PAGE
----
Mitigating Devices in Mosuli Iraqi Arabic With Reference To English

Ali Hussein Hazem, Suha Idress Mohammad


The Mosuli dialect is the dialect of the people of the city of Mosul in northern Iraq. It is one of the dialects of northern Mesopotamia, which is an extension of the Arabic dialects that prevailed in Iraq and the Euphrates Island in the Abbasid era. The Mosuli dialect, like other dialects of northern Mesopotamia, contains some of the ancient characteristics that are found in Standard Arabic, but it also has some unique features which distinguish it from the others. In comparison with the dialects of southern Mesopotamia, this dialect retains the features of urban dialects such as the letter qaaf. This study explores the most common uses, and the different types of expressions of mitigation used by people who speak the Mosuli Iraqi Arabic dialect in their everyday life in different situations. Mitigating devices are speech utterances used to lesson the force of the speech on the listener to avoid face-threatening situations. Although mitigating devices are widely used in writing and speaking, they have not been adequately investigated in previous studies. It is assumed that people use mitigation to lesson the force of direct speech. In order to prove this surmise, the data are collected from the native speakers of Mosuli Arabic dialect and analyzed according to Fraser’s 1981 model. The findings reveal that many participants use several expressions with the appropriate mitigating devices suited to different situations. More importantly, the findings show new ways of communication for those interested in the study of pragmatics in the Arabic language as well as English and in the language of other non-native speakers of Arabic.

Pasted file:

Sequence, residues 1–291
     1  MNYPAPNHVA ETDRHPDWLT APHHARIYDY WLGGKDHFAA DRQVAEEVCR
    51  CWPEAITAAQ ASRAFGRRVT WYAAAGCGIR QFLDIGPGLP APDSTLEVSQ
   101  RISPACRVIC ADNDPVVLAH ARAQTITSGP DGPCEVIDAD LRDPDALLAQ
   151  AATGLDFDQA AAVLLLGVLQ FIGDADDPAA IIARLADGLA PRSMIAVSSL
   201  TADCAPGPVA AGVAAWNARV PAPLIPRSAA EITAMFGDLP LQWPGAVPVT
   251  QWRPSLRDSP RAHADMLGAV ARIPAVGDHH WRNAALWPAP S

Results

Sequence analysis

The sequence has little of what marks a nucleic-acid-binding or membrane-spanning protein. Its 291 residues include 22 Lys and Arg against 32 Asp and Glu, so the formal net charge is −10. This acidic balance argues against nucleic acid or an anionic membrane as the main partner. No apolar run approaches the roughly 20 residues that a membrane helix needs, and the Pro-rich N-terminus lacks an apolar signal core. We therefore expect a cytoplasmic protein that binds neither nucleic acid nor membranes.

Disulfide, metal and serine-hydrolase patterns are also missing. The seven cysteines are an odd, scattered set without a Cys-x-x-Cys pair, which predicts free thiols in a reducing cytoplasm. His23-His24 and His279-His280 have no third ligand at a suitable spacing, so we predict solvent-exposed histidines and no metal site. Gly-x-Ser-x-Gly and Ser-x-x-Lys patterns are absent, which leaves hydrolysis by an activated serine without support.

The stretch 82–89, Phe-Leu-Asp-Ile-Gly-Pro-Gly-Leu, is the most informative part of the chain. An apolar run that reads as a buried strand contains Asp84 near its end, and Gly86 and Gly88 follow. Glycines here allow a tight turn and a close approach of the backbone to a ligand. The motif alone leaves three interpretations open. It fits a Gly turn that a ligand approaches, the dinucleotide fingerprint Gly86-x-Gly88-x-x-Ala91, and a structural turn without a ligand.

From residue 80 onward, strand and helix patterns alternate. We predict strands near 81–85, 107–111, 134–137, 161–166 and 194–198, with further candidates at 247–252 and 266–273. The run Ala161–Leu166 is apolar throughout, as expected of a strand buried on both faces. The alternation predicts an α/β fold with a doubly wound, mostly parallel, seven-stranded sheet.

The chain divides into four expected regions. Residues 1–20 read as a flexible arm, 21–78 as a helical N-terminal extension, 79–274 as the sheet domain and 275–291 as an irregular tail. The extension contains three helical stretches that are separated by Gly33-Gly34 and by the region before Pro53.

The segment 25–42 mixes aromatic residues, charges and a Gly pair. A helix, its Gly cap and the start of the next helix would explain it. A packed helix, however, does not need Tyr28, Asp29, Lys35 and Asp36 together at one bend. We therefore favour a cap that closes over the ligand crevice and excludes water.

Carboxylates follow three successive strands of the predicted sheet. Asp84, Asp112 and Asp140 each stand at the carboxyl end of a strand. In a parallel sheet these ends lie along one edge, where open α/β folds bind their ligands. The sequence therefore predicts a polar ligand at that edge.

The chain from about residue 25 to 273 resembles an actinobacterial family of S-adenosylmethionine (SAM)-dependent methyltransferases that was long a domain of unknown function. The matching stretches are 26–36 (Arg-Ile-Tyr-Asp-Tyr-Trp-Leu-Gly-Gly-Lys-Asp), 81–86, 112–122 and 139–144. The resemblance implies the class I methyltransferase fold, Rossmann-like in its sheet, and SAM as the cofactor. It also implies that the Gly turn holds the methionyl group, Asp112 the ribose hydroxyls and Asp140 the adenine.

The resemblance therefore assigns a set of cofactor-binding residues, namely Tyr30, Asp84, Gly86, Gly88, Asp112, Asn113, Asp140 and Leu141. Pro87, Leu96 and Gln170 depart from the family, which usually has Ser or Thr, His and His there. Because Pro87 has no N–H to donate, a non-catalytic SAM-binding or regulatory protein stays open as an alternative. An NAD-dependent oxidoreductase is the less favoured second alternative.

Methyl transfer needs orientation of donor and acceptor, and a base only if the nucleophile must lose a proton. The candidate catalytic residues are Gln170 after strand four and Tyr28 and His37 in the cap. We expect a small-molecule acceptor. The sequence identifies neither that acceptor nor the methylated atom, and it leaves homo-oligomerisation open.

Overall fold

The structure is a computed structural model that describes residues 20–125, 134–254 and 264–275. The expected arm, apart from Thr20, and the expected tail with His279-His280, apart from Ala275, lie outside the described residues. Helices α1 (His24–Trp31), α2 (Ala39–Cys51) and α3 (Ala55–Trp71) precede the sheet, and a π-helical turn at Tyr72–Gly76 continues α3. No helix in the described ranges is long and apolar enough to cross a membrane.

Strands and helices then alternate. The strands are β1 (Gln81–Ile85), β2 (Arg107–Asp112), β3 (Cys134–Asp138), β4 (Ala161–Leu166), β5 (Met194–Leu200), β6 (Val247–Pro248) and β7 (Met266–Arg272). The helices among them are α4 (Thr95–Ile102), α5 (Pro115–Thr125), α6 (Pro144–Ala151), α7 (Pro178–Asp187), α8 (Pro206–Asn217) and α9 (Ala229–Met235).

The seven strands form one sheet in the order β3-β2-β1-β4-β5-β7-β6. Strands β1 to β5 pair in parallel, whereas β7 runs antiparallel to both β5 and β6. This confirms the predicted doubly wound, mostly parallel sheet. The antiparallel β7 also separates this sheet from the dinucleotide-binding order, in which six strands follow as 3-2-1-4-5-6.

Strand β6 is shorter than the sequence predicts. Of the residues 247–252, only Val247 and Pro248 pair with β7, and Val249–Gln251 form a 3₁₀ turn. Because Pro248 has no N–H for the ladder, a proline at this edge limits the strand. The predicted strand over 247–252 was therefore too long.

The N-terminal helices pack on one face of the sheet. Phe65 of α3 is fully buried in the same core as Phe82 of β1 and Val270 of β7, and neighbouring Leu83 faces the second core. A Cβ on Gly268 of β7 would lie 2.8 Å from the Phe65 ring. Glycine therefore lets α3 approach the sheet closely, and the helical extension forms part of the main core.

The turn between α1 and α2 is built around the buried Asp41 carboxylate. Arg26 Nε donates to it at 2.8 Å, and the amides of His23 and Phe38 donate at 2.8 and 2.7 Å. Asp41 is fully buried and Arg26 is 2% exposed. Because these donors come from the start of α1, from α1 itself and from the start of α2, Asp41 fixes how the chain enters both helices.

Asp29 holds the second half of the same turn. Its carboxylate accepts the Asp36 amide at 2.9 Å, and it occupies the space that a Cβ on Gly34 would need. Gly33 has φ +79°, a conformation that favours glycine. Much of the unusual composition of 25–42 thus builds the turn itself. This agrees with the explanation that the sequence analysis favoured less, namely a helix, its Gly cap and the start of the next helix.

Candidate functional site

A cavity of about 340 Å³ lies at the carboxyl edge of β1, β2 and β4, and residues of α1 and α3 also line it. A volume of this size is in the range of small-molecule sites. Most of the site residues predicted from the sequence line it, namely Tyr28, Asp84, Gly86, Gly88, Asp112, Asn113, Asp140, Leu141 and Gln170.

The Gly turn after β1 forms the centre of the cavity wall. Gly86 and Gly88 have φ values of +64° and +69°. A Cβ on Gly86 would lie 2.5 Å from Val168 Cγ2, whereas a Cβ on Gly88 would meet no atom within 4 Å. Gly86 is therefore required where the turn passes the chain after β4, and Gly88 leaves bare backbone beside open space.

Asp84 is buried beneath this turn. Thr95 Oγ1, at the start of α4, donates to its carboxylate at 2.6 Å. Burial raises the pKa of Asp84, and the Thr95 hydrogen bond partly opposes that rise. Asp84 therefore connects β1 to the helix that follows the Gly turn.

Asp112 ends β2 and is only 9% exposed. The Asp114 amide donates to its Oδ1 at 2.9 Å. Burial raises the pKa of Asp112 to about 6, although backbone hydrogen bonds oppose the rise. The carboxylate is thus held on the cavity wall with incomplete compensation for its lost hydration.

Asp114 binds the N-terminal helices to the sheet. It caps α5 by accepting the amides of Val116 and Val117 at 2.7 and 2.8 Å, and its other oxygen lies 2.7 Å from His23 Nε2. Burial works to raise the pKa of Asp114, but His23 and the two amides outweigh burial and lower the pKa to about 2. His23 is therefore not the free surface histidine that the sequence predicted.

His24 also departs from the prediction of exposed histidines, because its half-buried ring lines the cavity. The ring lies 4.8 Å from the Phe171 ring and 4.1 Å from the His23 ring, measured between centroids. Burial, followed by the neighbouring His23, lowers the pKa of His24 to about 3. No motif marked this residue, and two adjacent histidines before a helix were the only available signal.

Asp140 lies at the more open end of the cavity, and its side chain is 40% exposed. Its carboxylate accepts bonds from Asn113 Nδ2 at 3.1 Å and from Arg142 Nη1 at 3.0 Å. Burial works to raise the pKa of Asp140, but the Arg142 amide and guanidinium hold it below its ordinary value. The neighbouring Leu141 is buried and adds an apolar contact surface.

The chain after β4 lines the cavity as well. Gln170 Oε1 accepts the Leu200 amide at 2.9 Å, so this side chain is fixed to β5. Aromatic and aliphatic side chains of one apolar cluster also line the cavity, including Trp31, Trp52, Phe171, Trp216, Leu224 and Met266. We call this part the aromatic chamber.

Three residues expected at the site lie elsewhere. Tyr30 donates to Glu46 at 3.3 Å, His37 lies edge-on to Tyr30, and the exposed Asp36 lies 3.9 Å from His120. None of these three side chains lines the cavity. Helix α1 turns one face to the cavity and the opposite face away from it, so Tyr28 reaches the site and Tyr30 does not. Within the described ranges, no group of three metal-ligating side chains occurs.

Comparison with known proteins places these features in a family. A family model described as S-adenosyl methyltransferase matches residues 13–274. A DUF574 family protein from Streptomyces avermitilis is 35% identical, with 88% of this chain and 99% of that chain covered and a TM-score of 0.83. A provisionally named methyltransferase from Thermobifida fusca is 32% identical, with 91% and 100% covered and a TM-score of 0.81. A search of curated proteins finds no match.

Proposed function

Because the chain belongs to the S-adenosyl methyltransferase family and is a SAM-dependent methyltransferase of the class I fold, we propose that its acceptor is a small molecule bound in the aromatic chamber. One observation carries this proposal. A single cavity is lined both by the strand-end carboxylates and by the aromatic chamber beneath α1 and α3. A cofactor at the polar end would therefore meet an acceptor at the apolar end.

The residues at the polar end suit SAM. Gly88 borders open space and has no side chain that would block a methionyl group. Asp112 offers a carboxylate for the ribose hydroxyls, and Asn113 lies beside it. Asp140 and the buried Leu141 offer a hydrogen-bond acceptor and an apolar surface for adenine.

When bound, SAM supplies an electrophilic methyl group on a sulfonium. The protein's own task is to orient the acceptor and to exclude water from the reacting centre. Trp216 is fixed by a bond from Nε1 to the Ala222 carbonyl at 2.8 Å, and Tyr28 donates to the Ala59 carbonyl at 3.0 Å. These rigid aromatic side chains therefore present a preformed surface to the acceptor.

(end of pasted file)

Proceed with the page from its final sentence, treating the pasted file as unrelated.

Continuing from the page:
Mitigating Devices; Politeness; Indirect Speech; Hedging; Euphemism; Arabic-English

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